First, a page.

The term career-related educational or training program means an educational or training program or program of study offered by a public, private, or nonprofit career and technical education school, institution of higher education, or other entity that provides academic education, career and technical education, or training (including remedial education or English as a second language, as appropriate), that is a program that leads to a recognized postsecondary credential (as identified under section 122(d) of the Workforce Innovation and Opportunity Act (29 U.S.C. 3152(d)), and provides career awareness information. The term includes a program allowable under the Workforce Innovation and Opportunity Act (29 U.S.C. 3101 et seq.), the Carl D. Perkins Career and Technical Education Act of 2006 (20 U.S.C. 2301 et seq.), or the Higher Education Act of 1965 (20 U.S.C. 1001 et seq.), without regard to whether or not the program is funded under the corresponding Act.

(3)

Caregiver

The term caregiver means an individual with the status of being a significant provider of—

(A)

ongoing care or education, including responsibility for securing the ongoing care or education, of a child; or

(B)

ongoing care, including responsibility for securing the ongoing care, of—

(i)

a person with a serious health condition who is in a family relationship with the individual; or

(ii)

a parent of the individual, who is age 65 or older.

(4)

Child

The term child means a biological, adopted, or foster child, a stepchild, a legal ward, or a child of a person standing in loco parentis to that child, who is—

(A)

under age 18; or

(B)

age 18 or older and incapable of self-care because of a mental or physical disability.

(5)

Commerce terms

The terms commerce and industry or activity affecting commerce have the meanings given the terms in section 101 of the Family and Medical Leave Act of 1993 (29 U.S.C. 2611).

(6)

Covered employer

(A)

In general

The term covered employer

(i)

means any person engaged in commerce or in any industry or activity affecting commerce who employs 15 or more employees (described in paragraph (9)(A));

(ii)

includes any person who acts, directly or indirectly, in the interest of such an employer to any of the employees (described in paragraph (9)(A)) of such employer;

(iii)

includes any successor in interest of such an employer; and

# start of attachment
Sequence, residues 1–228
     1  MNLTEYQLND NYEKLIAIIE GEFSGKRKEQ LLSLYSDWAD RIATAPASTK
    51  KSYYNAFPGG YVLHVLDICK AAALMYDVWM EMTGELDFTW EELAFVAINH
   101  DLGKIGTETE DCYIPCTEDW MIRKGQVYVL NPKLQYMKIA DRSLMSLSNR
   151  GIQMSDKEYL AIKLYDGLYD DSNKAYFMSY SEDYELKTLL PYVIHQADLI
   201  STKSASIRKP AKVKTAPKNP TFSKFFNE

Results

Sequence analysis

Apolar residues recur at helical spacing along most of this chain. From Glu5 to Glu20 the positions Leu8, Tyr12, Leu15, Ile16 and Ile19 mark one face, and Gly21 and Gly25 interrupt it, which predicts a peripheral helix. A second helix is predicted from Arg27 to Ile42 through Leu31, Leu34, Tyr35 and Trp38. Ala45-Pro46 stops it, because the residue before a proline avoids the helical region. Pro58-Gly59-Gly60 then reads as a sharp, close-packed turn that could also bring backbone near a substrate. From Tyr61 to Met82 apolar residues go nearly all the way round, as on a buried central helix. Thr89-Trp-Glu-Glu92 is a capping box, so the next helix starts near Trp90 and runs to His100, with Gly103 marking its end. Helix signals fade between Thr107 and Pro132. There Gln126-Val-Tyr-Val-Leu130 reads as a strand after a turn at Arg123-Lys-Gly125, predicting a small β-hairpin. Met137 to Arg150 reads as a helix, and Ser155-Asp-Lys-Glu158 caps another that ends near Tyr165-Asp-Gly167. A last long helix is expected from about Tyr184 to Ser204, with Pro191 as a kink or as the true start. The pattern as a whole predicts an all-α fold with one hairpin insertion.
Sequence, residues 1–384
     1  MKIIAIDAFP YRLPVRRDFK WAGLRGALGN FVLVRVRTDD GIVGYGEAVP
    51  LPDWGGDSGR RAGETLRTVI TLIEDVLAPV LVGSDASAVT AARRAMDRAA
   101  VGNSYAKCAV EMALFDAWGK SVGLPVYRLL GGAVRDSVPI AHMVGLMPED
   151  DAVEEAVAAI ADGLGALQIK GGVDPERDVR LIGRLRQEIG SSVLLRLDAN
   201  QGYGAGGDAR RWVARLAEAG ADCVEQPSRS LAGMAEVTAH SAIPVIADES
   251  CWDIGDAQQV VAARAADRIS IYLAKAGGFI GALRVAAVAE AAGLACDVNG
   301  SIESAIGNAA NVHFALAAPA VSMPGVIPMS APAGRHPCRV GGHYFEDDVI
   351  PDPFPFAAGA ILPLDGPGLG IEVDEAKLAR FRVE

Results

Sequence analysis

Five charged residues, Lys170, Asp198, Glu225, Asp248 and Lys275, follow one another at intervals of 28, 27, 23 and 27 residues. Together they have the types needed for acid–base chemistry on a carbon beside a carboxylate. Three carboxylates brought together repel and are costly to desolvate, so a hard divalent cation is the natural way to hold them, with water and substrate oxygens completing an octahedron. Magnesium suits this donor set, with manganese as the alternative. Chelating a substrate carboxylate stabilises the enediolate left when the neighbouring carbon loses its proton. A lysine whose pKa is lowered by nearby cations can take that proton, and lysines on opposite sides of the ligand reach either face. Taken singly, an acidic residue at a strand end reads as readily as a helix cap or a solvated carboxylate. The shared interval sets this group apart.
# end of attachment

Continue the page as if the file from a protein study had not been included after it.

(iv)

includes an agency described in subparagraph (A)(iii) of section 101(4) of the Family and Medical Leave Act of 1993 (29 U.S.C. 2611(4)), to which subparagraph (B) of such section shall apply.

(B)

Rule

For purposes of determining the number of employees who work for a person described in subparagraph (A)(i), all employees (described in paragraph (9)(A)) performing work for compensation on a full-time, part-time, or temporary basis shall be counted, except that if the number of such employees who perform work for such a person for compensation fluctuates, the number may be determined for a calendar year based upon the average number of such employees who performed work for the person for compensation during the preceding calendar year.

(C)

Person

In this paragraph, the term person has the meaning given the term in section 3 of the Fair Labor Standards Act of 1938 (29 U.S.C. 203).

(7)

Domestic partner

The term domestic partner means the individual recognized as being in a relationship with an employee under any domestic partnership, civil union, or similar law of the State or political subdivision of a State in which the employee resides.

(8)

Employ

The term employ has the meaning given the term in section 3 of the Fair Labor Standards Act of 1938 (29 U.S.C. 203).

(9)

Employee

The term employee means an individual who is—

(A)

an employee, as defined in section 3(e) of the Fair Labor Standards Act of 1938 (29 U.S.C. 203(e)), who is not described in any of subparagraphs (B) through (G);

(B)

a State employee described in section 304(a) of the Government Employee Rights Act of 1991 (42 U.S.C. 2000e–16c(a));

(C)

a covered employee, as defined in section 101 of the Congressional Accountability Act of 1995 (2 U.S.C. 1301), other than an applicant for employment;

(D)

a covered employee, as defined in section 411(c) of title 3, United States Code;

(E)

a Federal officer or employee covered under subchapter V of chapter 63 of title 5, United States Code;

(F)

an employee of the Library of Congress; or

(G)

an employee of the Government Accountability Office.

(10)

Employer

The term employer means a person—

(A)

who is—

(i)

a covered employer, as defined in paragraph (6), who is not described in any of clauses (ii) through (vii);

(ii)

an entity employing a State employee described in section 304(a) of the Government Employee Rights Act of 1991;